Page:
Ernest Emerson has spent a lot of time thinking about fighting. He has a few thoughts he’s willing to share. Well, more than a few. He’s written 4 books on the subject. He doesn’t want to teach you a specific technique or combinations of techniques (…Grasshopper, block left with little-dragon-flips-his-tail followed by right needle-to-sea-bottom…) but the ideas involved with conflict.
To a large degree these ideas change only slightly depending on the tools you’re using, gun, knife or three-sectional staff. The manipulations of each of these tools is different, but abstract concepts of How? Where? Why? have more in common than you might think.
Why should we study fighting and conflict? Let’s jump in here.
It really doesn’t take much effort to look around and realize that America is experiencing a violent time. Look at the news sources. It seems not five minutes goes by without someone being involved with an act of physical violence.
Police, politicians and the NRA will tell you the murder rate is down for reasons they espouse. Emergency room doctors will tell you the real reason. They are much better and saving critically injured people. Unfortunately, we don’t track attempted murder rates which would give us insight into murders prevented by medical technology and the actual rate of violence.
Unfortunately, police will always be reactionary, and that’s a good thing. Remember Minority Report? Thought police arrested people based on predictions that they will presently commit a crime. What a wacked out society that would be. Not for me or you, I hope.
So that leaves our safety in our hands.
Here’s the top view, the god’s overview:
- There must be plan to deal with the occurrence/event, whatever it is.
- All strategies flow from the plan
- Tactics flow from strategies
- The plan has a goal and all efforts, techniques and tactics must support the goal.
Sounds like Zen crap? Let’s try an example.
You’re driving home in a relatively desolate area in the country and you get a flat tire. Here’s your plan: to get home.
What’s your strategy? You might have three.
- Replace the tire.
- Get a ride.
Tactics to bring your strategy to fulfillment and accomplish the goal are:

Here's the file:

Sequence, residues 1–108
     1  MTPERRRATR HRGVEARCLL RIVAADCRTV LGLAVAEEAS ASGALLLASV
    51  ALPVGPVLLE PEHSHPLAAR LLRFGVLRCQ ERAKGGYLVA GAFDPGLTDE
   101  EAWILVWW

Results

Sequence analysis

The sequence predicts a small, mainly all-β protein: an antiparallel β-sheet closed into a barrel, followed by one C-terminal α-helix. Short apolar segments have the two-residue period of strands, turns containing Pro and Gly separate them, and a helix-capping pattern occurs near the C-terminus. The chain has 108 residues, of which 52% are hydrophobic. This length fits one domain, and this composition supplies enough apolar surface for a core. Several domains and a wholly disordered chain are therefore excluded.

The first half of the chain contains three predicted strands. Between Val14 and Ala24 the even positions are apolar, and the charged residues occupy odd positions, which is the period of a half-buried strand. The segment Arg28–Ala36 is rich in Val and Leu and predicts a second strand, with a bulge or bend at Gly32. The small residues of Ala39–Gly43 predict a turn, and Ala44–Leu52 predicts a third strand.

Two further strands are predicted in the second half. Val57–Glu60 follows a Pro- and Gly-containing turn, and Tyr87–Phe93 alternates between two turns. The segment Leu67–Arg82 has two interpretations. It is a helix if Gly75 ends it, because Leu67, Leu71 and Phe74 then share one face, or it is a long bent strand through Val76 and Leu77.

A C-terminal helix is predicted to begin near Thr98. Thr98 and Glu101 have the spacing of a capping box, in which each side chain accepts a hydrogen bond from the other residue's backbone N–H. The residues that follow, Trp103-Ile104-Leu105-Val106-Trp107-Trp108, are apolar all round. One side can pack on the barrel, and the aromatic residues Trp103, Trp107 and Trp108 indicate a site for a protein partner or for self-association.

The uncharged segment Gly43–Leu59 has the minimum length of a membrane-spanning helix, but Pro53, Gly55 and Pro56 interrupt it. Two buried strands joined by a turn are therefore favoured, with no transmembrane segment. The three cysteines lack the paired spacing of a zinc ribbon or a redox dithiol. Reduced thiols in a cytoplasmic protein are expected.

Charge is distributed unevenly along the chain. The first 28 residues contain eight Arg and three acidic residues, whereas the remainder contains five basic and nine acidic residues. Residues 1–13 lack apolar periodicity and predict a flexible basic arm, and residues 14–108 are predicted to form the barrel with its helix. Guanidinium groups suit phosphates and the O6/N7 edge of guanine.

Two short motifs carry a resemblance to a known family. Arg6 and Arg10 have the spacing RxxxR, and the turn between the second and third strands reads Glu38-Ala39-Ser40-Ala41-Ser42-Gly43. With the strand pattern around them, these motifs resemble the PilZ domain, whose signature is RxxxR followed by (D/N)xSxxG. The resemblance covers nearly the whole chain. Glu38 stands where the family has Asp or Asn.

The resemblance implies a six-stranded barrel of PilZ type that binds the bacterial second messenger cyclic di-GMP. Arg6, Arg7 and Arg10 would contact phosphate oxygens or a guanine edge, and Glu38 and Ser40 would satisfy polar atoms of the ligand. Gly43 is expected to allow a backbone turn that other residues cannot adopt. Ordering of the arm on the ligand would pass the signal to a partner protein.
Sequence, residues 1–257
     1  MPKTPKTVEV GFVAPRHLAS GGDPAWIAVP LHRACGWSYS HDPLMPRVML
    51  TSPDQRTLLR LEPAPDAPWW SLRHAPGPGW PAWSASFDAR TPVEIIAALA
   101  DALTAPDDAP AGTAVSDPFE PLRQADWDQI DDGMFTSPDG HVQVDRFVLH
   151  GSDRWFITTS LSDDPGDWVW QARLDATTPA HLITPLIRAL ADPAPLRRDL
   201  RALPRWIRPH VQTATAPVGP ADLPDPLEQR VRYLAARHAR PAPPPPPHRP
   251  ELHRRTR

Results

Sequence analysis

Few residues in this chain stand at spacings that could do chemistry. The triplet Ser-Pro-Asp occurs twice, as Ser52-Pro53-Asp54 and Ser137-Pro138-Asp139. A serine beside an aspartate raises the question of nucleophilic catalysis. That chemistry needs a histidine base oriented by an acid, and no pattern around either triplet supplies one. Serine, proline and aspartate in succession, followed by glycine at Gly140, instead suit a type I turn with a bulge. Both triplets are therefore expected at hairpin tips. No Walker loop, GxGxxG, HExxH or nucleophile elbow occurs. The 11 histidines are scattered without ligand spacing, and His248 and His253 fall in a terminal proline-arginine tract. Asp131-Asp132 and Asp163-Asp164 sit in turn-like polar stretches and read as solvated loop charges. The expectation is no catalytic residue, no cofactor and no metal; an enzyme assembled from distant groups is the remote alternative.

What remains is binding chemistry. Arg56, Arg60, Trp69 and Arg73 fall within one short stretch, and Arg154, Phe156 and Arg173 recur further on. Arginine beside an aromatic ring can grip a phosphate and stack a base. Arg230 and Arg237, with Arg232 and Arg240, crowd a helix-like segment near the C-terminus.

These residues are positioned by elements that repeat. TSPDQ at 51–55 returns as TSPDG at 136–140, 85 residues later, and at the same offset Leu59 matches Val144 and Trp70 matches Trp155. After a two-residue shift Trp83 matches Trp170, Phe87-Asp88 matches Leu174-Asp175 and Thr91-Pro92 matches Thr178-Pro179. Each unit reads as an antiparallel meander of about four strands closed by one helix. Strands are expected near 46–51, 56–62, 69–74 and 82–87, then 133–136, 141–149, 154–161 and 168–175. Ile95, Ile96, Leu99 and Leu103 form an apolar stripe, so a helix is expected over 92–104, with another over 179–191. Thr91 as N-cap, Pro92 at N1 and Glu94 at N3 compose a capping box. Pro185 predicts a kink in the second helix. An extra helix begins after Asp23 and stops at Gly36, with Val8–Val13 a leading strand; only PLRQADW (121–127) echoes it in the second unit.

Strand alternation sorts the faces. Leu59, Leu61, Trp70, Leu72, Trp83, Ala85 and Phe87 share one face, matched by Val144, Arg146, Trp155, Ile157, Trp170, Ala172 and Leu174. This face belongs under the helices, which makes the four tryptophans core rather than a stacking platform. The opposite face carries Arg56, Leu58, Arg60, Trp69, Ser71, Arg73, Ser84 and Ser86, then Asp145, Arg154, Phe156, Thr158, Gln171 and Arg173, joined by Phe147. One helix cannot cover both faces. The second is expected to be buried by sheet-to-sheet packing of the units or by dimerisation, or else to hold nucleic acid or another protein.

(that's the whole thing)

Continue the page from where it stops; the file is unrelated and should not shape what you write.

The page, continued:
- Call AAA.
- Call a friend.
- Change the tire.
- Thumb a ride.
Each of these tactics has advantages and disadvantages. The advantages are easy to see, You get help to get home. But some of them will not work for you because you didn’t put them in place before you needed them:
- Oops, no membership in AAA.
- Damm, no cell service.
- I forgot to charge the battery last night.
- Don’t know how to change a tire.
- The spare is flat.
- No traffic and let us not mention who might stop to pick you up.
- Wrong shoes to walk in, it’s raining, it’s too far, bad weather, dark too soon, and so forth.
Proper planning will anticipate some of these problems. You buy membership in AAA each year; you’ll know how to change your flat and your cell phone is charged.
Maybe it is Zen after all. The flat tire flows into a call to AAA, which reveals a dead cell phone which flows into changing the flat yourself, which gets you home.
The same for self-defense. You anticipate darkness with a flashlight. You believe danger is in an alley and go around. You’ll see the VCA stalk/approach and check if a second one is blindsiding you.
Clearly this isn’t a complete list. But the idea is to realize that we must study our options and develop skills with the tools. The skill might be AAA membership and a charged cell phone, or it night be judicial use of deadly force.
So while you’re thinking of this, add this test question to your training and actions. Does my behavior/activity support my goal? If not, change your activity because you never want to:
- Do anything that is useless.
- Never do anything without a purpose.